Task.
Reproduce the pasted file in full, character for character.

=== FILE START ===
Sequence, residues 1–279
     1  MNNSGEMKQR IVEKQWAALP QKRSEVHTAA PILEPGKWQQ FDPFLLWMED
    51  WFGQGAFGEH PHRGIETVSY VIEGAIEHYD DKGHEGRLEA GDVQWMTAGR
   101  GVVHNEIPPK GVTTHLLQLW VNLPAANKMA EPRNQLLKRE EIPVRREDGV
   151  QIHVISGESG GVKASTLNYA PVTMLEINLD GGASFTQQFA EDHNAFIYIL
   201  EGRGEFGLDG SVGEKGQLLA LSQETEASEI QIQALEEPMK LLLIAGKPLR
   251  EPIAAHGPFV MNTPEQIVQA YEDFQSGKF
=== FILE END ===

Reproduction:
Sequence, residues 1–279
     1  MNNSGEMKQR IVEKQWAALP QKRSEVHTAA PILEPGKWQQ FDPFLLWMED
    51  WFGQGAFGEH PHRGIETVSY VIEGAIEHYD DKGHEGRLEA GDVQWMTAGR
   101  GVVHNEIPPK GVTTHLLQLW VNLPAANKMA EPRNQLLKRE EIPVRREDGV
   151  QIHVISGESG GVKASTLNYA PVTMLEINLD GGASFTQQFA EDHNAFIYIL
   201  EGRGEFGLDG SVGEKGQLLA LSQETEASEI QIQALEEPMK LLLIAGKPLR
   251  EPIAAHGPFV MNTPEQIVQA YEDFQSGKF